Amazon | BarnesandNoble | IFWG Publishing
The Sixth Precept In 16th century medieval Japan, Yoshima Mitsu, who is gifted with psychic powers, uses her prescient abilities to send her young attendant, Shioko, into the future. There, Mitsu believes Shioko will be safe from the purges of the maniacal warlord Omori Kadanamora, his warrior monks and his half-human, half-bestial Shadow-Trackers. In present-day Pittsburgh, police Lieutenant Kim Yoshima is attacked by a creature out of someone’s twisted nightmare. In the aftermath of that terrifying struggle, Kim finds a young Japanese girl named Shioko, lost, confused and calling Kim “Mitsu” and her monstrous attacker a “Shadow-Tracker.” Wayne Brewster dreams of the costumed hero, ArcNight. But more than that, he feels bizarrely connected to the fictional crime fighter as if ArcNight and his comic book world are real. And in all of his dreams, Brewster sees one constant, one face repeated over and over--the face of Kim Yoshima. Empowered by a mysterious book, The Five Precepts to Enlightenment, Kim realizes her destiny is in the past. Using her own burgeoning esper powers, Kim, accompanied by Shioko and Brewster, travel by means of a temporal rift to feudal Japan. There they must assume different personas to fight Omori and creatures of Japan’s mythological world to fulfill ancient prophesy and modern historical fact. If they fail, history will be altered and the world will change forever.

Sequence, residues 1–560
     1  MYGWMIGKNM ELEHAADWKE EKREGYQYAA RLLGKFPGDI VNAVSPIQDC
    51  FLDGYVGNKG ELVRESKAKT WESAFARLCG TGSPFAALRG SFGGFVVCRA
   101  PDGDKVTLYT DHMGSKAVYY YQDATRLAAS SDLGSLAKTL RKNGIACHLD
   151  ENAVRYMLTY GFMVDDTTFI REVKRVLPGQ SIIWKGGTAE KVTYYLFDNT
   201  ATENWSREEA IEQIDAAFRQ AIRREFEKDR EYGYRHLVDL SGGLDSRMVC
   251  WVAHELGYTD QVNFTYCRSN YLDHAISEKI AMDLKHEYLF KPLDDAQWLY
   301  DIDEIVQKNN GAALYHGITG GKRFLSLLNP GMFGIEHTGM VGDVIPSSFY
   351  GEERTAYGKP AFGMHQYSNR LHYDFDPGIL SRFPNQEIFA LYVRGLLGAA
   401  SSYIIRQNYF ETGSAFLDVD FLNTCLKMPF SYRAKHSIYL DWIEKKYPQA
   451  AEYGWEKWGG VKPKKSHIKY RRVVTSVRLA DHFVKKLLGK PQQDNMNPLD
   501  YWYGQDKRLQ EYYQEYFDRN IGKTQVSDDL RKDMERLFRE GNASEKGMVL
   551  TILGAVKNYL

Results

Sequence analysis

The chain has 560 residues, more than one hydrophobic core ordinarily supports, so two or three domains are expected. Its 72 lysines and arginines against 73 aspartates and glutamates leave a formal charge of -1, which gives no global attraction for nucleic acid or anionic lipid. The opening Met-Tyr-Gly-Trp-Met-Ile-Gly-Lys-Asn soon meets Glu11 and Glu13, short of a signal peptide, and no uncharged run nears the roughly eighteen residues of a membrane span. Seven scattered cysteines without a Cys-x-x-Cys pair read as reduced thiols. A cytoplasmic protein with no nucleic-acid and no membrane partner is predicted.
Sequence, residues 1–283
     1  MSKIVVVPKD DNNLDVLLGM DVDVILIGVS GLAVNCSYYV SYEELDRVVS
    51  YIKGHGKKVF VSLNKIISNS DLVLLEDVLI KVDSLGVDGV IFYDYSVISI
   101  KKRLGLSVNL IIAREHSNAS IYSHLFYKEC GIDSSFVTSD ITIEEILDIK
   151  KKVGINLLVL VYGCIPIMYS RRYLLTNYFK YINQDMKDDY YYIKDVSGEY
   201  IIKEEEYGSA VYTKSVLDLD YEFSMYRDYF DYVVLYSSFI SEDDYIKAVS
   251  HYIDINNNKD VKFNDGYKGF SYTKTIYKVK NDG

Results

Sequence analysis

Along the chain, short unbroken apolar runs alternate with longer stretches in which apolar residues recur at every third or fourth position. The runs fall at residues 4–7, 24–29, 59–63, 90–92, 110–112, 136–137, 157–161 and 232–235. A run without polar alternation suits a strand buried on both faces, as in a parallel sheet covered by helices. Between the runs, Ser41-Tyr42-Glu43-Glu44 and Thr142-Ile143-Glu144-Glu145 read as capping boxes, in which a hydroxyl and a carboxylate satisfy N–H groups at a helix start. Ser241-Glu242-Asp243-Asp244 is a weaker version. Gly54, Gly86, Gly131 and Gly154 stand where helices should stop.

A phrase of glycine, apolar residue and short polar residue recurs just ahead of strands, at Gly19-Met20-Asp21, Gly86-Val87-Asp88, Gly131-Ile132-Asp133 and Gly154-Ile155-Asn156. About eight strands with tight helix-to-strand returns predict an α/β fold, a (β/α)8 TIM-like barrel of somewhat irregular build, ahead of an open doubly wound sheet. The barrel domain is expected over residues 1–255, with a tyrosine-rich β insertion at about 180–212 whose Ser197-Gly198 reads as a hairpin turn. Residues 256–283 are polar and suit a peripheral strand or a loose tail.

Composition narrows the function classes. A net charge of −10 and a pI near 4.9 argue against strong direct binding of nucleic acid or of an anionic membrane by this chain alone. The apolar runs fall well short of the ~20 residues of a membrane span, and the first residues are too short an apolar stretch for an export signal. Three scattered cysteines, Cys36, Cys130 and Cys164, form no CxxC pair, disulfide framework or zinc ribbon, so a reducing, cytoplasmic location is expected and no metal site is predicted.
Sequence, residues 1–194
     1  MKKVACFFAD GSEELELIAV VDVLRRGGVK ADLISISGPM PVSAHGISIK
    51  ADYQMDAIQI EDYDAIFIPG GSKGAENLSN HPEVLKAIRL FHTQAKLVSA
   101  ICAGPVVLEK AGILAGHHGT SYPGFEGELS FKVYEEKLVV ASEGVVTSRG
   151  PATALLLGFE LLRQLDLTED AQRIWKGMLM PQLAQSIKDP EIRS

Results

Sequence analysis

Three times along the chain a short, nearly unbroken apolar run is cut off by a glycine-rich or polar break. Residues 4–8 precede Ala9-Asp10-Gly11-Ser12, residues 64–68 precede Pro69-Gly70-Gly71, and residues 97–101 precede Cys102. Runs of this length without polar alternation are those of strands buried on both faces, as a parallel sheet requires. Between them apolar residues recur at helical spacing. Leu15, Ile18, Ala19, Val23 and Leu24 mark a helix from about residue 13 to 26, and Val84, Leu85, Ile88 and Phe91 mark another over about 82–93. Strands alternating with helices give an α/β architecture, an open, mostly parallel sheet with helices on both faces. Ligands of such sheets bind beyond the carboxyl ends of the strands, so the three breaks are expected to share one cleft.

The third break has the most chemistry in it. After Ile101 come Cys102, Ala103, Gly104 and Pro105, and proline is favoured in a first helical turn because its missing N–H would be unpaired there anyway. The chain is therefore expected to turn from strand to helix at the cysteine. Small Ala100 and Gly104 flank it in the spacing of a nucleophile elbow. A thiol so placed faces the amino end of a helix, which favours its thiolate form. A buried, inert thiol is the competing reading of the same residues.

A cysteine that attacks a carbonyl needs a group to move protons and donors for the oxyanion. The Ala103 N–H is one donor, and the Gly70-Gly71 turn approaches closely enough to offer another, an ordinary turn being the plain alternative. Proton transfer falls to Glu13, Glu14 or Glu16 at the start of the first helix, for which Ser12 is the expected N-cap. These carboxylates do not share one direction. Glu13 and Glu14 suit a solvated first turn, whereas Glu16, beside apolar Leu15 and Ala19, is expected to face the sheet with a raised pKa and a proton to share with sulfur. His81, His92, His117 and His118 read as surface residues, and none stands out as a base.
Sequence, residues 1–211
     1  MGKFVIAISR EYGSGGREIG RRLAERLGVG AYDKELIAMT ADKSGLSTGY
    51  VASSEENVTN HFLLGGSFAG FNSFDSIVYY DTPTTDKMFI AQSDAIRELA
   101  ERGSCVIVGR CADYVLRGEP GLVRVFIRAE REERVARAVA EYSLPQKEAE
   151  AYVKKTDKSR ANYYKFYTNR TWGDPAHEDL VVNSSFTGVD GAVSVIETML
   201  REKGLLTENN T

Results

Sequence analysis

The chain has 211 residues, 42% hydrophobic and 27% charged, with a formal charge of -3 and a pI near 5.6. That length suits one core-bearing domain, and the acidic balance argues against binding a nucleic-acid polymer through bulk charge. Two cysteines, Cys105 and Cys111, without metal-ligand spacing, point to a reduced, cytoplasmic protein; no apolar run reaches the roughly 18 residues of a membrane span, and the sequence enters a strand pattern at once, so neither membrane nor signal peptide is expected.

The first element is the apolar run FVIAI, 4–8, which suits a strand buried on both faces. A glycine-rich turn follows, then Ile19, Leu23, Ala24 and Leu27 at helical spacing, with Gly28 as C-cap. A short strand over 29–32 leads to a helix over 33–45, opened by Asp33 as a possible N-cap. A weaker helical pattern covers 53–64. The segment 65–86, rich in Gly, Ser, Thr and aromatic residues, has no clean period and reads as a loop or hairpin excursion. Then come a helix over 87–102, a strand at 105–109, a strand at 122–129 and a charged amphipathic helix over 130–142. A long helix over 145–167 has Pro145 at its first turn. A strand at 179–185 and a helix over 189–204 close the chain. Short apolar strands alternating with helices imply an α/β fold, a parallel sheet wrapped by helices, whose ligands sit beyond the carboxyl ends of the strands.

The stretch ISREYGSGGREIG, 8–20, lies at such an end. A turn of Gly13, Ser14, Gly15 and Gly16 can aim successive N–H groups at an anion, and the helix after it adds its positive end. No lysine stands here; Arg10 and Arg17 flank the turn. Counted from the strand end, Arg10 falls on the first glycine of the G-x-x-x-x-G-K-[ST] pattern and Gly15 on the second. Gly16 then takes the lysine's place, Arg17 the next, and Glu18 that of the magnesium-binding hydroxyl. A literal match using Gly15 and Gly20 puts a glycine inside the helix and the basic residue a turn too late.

EXCERPT #1 – 16TH Century Japan
The attempt on his life had been an act of desperation, he knew. The battle was lost, the opposing forces broken and scattered. Without the inspiration of Soun Ujitsuna, the Odawaran armies had been routed. Omori Kadonomaro had vanquished those foes who had defended this city as he had crushed everyone else who had ever opposed him. Even now, most of his own army and all but a few of his warrior monks were rounding up prisoners or putting to the sword any who offered even token resistance. But the assassins’ threat had been real enough, though for a different reason entirely.
He had led a small party of his warrior monks and a trio of shadow-trackers in the hunt for the shirabyoshi spoken of by Eela. He had no desire to sit and wait, to allow others to do his work for him. He had always been a man of action and the Prophecy of the One Child concerned him greatly.
Though the shadow-trackers had no real scent or clue to rely on, through the magic urging of the majo, one of them had led Omori and his men to the market district of the city. The creature’s manner was agitated yet focused; the beast appeared like something out of a traveler’s tale. Naked, it moved like a ghost, spiriting almost invisibly in and out of the smallest places as it used the shadows as cover.
Omori had never gotten used to them but the creatures did serve his purpose. Whatever magic the witch called upon to create such monsters was the warlord’s to control. At least for the moment.
And he meant to keep it that way.
Located near the lower west gates, the marketplace was the one area his attacking land forces had been able to breach. Parts of it lay in smoldering ruins; the remaining residents hiding fearfully behind closed and latched doors.
The city’s defenders had been beaten but the fear of Omori and his allies—the sohei, the witch and the shadow-trackers—still hung thickly in the air. To most of the downtrodden Odawarans, it was their worst nightmare realized.
Eela rode by the daimyo’s side. Both men’s armored horses picked their way among the scattered rubble and trash that lay strewn about the streets. “My pet seems sure the one we seek is here, Lord,” the majo said silkily. “He is the best of the three and can discern his prey with very little assistance.”
His pet. Omori frowned. Eela’s skills had extended to supervising the breeding, raising and training of the shadow-trackers, skills Omori appreciated but which gave the majo another point of power in his favor. “Just make sure your pet finds her,” Omori said distastefully. “I will stop this child once and for all.”